Previous Challenge Entry (Level 3 - Advanced)
Topic: See (07/22/10)
By Lillian Rhoades
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Despite the important role our eyes play their intrinsic value lie solely in what they allow us to see externally. They have little control over the window of the mind where insight replaces eyesight and governs what we “see” with our mind's eye.
Unfortunately, most of us have better eyesight than insight as a recent news story illustrates. Bridie and Calvin* were two blind people who fell in love, married, and eventually became the pride parents of a baby girl. One day in the hospital during a breast feeding session, a nurse noticed the infant was turning blue. Apparently, unknown and unseen by Bridie her breast was covering the baby’s nostrils and depriving her of oxygen. This near fatal incident caused great concern for the baby’s welfare and after much deliberation, State and local agencies decided to place the baby in protective custody.
The potential horror of an accidental suffocation from breast feeding by a blind mother trumped all common sense solutions, and left no one looking with mind and heart for reasonable and workable solutions to keep Mom and baby together. No one except Bridie. She saw potential solutions where others saw likely problems. She also knew that no one would love her baby more than she could. With fierce maternal instincts at work, with far more insight than the sighted, and with much welcomed public outcry, after 57 days of separation Birdie and Calvin finally brought their precious, God-given bundle home.
*Not their real names.
If we really believe that love is also blind, then we can also conclude that what the eye cannot see, the mind can embrace. Conversely, what the eye can see, sometimes the mind cannot embrace. “See, but not understand, “ Jesus explains in Matthew 13:13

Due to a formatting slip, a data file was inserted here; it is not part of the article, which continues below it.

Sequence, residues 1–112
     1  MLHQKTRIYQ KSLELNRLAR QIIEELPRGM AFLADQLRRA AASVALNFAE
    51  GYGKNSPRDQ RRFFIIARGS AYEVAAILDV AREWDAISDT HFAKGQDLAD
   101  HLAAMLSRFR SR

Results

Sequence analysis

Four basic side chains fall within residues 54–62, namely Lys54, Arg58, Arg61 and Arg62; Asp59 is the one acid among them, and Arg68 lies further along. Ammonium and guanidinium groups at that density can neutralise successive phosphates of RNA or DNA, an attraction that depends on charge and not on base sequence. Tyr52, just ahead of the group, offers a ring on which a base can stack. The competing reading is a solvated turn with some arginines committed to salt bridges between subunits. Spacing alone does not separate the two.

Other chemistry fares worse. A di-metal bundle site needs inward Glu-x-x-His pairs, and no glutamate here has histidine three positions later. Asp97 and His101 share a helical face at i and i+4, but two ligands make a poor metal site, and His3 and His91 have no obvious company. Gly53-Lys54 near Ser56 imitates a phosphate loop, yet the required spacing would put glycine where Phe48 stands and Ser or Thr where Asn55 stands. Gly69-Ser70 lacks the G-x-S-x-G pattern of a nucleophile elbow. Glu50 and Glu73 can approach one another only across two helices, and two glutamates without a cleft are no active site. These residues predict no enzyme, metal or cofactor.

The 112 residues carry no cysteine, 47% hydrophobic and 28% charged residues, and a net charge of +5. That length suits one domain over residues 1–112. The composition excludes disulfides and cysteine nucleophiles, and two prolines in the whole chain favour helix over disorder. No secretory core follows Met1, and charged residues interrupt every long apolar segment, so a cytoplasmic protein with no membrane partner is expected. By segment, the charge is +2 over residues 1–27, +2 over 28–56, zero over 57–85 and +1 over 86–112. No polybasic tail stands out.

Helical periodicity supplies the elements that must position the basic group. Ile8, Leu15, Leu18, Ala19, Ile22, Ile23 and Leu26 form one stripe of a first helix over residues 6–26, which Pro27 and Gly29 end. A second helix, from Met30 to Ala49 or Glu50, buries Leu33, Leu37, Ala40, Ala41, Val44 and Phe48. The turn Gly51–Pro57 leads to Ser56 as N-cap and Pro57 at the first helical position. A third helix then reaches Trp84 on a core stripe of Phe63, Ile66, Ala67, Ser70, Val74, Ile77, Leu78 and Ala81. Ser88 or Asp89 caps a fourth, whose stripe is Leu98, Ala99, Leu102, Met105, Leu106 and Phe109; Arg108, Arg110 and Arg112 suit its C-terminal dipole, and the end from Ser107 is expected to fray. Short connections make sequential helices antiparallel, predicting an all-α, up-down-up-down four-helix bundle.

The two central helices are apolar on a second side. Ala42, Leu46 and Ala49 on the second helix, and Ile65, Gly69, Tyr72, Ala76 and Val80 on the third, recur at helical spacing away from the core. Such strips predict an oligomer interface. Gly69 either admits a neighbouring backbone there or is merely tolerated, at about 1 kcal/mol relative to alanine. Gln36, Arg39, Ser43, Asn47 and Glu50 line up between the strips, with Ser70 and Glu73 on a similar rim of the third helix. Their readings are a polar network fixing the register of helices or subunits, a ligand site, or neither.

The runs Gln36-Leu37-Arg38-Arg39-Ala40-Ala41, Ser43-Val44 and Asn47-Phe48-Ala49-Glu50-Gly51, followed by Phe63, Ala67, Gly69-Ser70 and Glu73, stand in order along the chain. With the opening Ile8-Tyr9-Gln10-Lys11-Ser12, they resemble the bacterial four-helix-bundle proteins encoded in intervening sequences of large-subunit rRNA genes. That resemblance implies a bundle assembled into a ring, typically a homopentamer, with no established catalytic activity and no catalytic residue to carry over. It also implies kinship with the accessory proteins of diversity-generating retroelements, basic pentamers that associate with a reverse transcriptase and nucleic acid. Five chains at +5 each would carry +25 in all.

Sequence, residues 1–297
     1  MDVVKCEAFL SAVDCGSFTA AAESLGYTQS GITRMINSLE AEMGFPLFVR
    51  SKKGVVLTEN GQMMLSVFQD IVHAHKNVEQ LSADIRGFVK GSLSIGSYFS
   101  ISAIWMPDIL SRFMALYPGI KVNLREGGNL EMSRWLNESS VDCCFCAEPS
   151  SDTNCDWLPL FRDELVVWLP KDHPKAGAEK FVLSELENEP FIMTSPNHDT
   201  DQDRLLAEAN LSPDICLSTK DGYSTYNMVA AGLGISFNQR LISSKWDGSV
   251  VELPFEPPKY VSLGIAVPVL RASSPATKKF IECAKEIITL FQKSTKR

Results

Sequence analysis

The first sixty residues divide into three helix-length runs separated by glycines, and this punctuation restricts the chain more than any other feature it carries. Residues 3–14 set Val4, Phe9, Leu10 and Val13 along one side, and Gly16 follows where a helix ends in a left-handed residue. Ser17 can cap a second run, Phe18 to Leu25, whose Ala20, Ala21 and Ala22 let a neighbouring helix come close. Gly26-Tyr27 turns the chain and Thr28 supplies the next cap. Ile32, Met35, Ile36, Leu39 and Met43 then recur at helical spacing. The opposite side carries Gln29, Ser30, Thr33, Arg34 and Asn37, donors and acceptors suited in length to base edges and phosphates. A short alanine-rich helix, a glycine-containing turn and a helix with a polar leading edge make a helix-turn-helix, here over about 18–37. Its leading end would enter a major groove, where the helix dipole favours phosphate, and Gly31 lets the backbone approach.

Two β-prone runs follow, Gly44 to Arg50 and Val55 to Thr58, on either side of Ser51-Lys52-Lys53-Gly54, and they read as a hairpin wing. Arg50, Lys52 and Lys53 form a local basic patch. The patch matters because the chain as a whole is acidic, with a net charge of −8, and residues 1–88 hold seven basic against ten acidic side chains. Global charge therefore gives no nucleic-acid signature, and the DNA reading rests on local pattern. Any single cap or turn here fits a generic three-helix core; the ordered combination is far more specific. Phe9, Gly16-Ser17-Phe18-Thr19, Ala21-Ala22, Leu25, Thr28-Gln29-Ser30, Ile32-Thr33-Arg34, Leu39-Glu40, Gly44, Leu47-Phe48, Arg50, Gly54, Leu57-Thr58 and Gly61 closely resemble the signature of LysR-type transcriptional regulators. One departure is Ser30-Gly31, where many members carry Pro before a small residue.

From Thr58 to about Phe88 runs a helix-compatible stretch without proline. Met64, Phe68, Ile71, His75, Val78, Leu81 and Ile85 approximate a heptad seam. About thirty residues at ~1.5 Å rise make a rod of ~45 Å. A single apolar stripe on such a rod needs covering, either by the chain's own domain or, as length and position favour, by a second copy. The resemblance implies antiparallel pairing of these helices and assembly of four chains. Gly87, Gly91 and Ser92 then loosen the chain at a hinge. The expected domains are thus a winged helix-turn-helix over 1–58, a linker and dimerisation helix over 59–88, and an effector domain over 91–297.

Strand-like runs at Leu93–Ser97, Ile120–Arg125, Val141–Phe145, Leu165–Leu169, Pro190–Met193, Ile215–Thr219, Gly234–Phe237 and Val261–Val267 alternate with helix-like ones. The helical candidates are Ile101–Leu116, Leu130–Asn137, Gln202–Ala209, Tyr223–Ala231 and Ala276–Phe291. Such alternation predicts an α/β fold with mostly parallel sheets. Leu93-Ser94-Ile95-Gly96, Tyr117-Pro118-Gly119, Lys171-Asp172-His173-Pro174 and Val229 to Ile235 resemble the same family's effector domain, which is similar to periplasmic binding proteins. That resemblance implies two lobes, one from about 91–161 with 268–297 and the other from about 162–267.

From His statement we can contemplate the question. Who has greater vision, the sighted or the “in sighted?” The question begs an answer. Perhaps,Bridie discovered the answer As she held her baby close, she quoted a well-known proverb:"There is none so blind as those who will not see."
With the mind’s eye, the insightful teacher sees beyond the quiet child to note fear, intimidation and self-consciousness.
At the end of the day, an insightful husband sees his wife’s tears as a smokescreen for tiredness and a need for a time out. The insightful parent recognizes persistent tummy aches at exactly 8:30 a.m. each school day as an adjustment problem rather than a medical one. An insightful, blind, new Mom sees the birth of her child as a challenging opportunity to love and raise her child rather than give it away.
Healthy eyes hold the key to what we see around us, insight unlocks the window of our mind and allows us to see what lies inside of us. In a world of conflict, political, social and economic unrest, godlessness, and selfishness, we need and value good eyesight, but even more, uncommon insight.
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